A Spanish Initiative to Know the Unmet Needs of Women with Lung Cancer:
Journal of Thoracic Oncology
Type of content
Publicación de congreso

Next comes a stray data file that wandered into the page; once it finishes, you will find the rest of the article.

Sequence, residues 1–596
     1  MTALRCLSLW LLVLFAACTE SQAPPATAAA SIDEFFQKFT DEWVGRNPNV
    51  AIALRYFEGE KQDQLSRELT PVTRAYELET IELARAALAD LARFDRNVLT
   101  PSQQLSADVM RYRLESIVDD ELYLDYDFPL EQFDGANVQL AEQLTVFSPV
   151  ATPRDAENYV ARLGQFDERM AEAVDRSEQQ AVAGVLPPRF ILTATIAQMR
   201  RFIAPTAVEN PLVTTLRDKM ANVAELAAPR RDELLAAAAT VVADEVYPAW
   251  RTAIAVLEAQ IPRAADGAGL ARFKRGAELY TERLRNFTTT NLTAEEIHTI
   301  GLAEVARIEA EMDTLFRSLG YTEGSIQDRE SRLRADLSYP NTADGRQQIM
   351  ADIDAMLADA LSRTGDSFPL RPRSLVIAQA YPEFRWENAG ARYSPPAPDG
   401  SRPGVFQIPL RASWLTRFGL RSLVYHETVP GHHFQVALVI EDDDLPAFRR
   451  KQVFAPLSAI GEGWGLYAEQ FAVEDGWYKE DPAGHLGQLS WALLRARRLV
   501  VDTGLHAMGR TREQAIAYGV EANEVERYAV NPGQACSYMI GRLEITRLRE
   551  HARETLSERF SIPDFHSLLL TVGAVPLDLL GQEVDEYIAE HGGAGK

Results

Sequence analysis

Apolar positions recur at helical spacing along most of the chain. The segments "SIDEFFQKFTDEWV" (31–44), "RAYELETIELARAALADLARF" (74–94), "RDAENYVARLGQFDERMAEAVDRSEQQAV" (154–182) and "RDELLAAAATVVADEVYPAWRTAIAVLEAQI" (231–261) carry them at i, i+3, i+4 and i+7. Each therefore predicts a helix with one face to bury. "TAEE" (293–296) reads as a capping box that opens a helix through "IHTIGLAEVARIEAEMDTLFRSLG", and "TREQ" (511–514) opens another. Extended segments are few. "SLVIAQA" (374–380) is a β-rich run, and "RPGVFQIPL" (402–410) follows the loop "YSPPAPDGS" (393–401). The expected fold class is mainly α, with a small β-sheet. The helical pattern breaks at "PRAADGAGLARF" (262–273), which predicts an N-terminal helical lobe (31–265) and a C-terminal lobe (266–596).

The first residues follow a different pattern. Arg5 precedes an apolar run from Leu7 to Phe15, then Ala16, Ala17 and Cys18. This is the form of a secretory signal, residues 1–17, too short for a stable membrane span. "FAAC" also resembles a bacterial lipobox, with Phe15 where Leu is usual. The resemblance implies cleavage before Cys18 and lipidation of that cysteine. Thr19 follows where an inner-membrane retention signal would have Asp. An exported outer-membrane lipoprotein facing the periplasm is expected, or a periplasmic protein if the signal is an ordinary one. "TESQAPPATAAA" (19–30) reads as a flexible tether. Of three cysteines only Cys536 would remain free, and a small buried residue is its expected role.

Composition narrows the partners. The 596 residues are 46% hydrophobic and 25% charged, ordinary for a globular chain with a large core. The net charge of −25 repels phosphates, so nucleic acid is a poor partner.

Background The personal and family impact of an oncological disease can only be adequately understood and managed from a biopsychosocial perspective. Lung cancer experience has a profound impact on the well-being of both patient and family caregiver and is largely influenced by communication within the family environment. Lung cancer impact can be especially significant when women are affected. Method The objective of this study was to develop an informative program for women with lung cancer, implementing the development of strategies in order to get a deepening knowledge of their perceived needs. Additionally, we aimed to define and design new useful resources that may help other women with lung cancer. A qualitative research allowed to collect data on the experiences in the circle of women and their families, and the identification of the needs and the coping resources used of the participants. The collection of these data was what led to the development of the tools used to develop the support strategies. Result A total of 10 women with lung cancer from Galicia (Spain) participated in 7 sessions. At the personal and psychological level in the women circle, needs were related to improve medical information they get from their physicians, share information and experiences with women in the same situation, more holistic-human care, and the need for more supporting groups. About the social and labor environment, they expressed concern about the social stigma associated with lung cancer, and the culpability for having smoked as well as the concern related to the interruption of working life. The family environment also expressed the need for emotional support and preparation for families and caregivers to be able to support the patient, the need to provide them with strategies to improve the situation, and the need to overcome initial isolation through working groups. Regarding resources, women's circle was mainly focused on occupying time with new activities, humor and not stigmatizing the disease and the professionals who assist them. Conclusion “Círculos program”, even being a pilot program, show the benefits of a more humane approach to the treatment of lung cancer in women, with a better understanding of patients and families needs. More similar programs should be done in order to improve the quality of life of these patients and their transit through this disease.